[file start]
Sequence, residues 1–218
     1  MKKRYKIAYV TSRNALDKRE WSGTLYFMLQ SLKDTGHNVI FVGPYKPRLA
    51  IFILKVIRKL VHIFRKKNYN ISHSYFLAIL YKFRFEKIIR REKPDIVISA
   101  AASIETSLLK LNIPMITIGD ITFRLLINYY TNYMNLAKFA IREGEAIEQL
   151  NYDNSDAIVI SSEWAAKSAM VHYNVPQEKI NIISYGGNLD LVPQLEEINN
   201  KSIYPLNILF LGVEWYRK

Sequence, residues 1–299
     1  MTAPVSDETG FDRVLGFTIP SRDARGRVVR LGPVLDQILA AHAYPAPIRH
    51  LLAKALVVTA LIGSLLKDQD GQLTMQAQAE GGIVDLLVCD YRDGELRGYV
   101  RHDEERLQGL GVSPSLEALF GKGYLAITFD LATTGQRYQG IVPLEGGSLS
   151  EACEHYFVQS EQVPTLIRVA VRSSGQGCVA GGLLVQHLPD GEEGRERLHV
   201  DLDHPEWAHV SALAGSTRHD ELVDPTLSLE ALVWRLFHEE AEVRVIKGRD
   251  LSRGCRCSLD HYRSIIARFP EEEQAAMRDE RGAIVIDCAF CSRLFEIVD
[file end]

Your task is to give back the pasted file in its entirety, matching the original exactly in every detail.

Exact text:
Sequence, residues 1–218
     1  MKKRYKIAYV TSRNALDKRE WSGTLYFMLQ SLKDTGHNVI FVGPYKPRLA
    51  IFILKVIRKL VHIFRKKNYN ISHSYFLAIL YKFRFEKIIR REKPDIVISA
   101  AASIETSLLK LNIPMITIGD ITFRLLINYY TNYMNLAKFA IREGEAIEQL
   151  NYDNSDAIVI SSEWAAKSAM VHYNVPQEKI NIISYGGNLD LVPQLEEINN
   201  KSIYPLNILF LGVEWYRK

Sequence, residues 1–299
     1  MTAPVSDETG FDRVLGFTIP SRDARGRVVR LGPVLDQILA AHAYPAPIRH
    51  LLAKALVVTA LIGSLLKDQD GQLTMQAQAE GGIVDLLVCD YRDGELRGYV
   101  RHDEERLQGL GVSPSLEALF GKGYLAITFD LATTGQRYQG IVPLEGGSLS
   151  EACEHYFVQS EQVPTLIRVA VRSSGQGCVA GGLLVQHLPD GEEGRERLHV
   201  DLDHPEWAHV SALAGSTRHD ELVDPTLSLE ALVWRLFHEE AEVRVIKGRD
   251  LSRGCRCSLD HYRSIIARFP EEEQAAMRDE RGAIVIDCAF CSRLFEIVD